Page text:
Why is knee replacement surgery done?
Knee replacement surgery is the most common joint replacement surgery performed today. It is most often done to replace a knee joint that has suffered severe wear and tear as a result of arthritis, a condition in which inflammation destroys the joint surfaces, resulting in pain and decreased mobility. Sometimes trauma results in the need to have a knee joint replaced.
Who should have knee replacement surgery?
The decision to undergo knee replacement surgery is generally made when a patient has pain and stiffness resulting in decreased mobility and all other treatment options have failed. Other treatment options include pain control with medication and physiotherapy.
How is knee replacement surgery done?
Patients who are undergoing knee replacement surgery may be required to go through a preoperative assessment. Joints above and below the knee will be examined, as poor joint function in a hip or ankle on the affected side may decrease the chance of a successful outcome. Routine blood tests, a chest x-ray and an EKG are often ordered and medications are reviewed. Certain medications, such as blood thinners (aspirin, Coumadin) will need to be stopped prior to surgery to decrease the risk of bleeding during the operation. Your physician will advise you on how to take your medications prior to surgery.
During the knee replacement surgery, the end of your femur (the long bone in your thigh) will be replaced by a metal shell, while the end of your tibia (one of the two long bones in your lower leg) will be replaced with an artificial plastic shell that has an attached stem. Your kneecap may be replaced by a plastic part that resembles your own kneecap. These artificial parts will articulate together to form your new knee. If your ligaments supporting your knee have also been damaged they may be replaced, or they may be preserved if they are still healthy and functional.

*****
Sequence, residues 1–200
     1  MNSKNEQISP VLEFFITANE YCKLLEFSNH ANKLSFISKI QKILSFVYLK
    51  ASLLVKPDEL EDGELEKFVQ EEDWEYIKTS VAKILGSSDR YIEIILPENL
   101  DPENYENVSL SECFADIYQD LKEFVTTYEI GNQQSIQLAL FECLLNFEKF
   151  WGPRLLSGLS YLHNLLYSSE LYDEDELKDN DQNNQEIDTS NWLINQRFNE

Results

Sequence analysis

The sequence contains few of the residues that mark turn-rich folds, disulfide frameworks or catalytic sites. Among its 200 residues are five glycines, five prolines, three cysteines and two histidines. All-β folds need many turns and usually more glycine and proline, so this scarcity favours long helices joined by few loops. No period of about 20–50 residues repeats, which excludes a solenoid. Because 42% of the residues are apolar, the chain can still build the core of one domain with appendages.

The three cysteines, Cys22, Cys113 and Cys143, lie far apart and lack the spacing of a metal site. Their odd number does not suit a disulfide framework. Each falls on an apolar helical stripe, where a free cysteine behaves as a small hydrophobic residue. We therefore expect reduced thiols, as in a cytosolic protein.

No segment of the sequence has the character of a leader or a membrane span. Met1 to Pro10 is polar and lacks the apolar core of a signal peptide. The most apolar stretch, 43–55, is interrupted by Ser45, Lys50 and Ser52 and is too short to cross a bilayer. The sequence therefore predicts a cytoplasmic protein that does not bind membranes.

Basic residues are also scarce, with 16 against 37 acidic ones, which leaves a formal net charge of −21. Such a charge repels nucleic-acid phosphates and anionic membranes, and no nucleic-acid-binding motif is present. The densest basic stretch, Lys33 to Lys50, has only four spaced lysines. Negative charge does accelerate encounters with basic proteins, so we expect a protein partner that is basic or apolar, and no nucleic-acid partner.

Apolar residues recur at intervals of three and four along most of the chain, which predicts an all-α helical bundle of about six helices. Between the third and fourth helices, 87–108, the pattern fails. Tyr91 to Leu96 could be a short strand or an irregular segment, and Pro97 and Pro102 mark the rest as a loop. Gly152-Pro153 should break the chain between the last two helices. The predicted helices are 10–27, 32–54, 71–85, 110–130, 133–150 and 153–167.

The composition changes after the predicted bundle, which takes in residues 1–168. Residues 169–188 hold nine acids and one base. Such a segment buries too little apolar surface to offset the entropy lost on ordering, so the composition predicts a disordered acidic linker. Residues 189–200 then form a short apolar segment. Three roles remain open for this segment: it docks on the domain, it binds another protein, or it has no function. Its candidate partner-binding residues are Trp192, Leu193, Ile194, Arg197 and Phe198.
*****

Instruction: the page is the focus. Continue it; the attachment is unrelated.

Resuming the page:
What are the possible complications of knee replacement surgery?
Complications may include blood clots, chronic knee pain and stiffness, infection, nerve damage and damage to blood vessels. Anesthesia carries its own risks. Your physician will carefully explain all the potential risks of knee replacement surgery to you, as well as the expected benefits. You should ask questions to clarify any parts you dont understand.
How long will it take to recover from knee replacement surgery?
Physical therapy will begin within 48 hours after surgery and will continue even after you have been discharged home. It is vey important that you cooperate fully with any prescribed activities and exercises to achieve the best outcome. Your pain will be controlled with pain medications. You will need to use a mobility aid such as a walker or crutches for awhile after your surgery. Most people recover fully within weeks after their knee replacement surgery.
Knee replacement surgery is a common procedure done to improve pain and functioning in knees affected by arthritis or trauma. It is important to carefully review any information on knee replacement surgery you are given and clarify any questions you may have with your physician prior to surgery. In this way, you will be physically and mentally prepared for your surgery and will be able to participate fully in your recovery.
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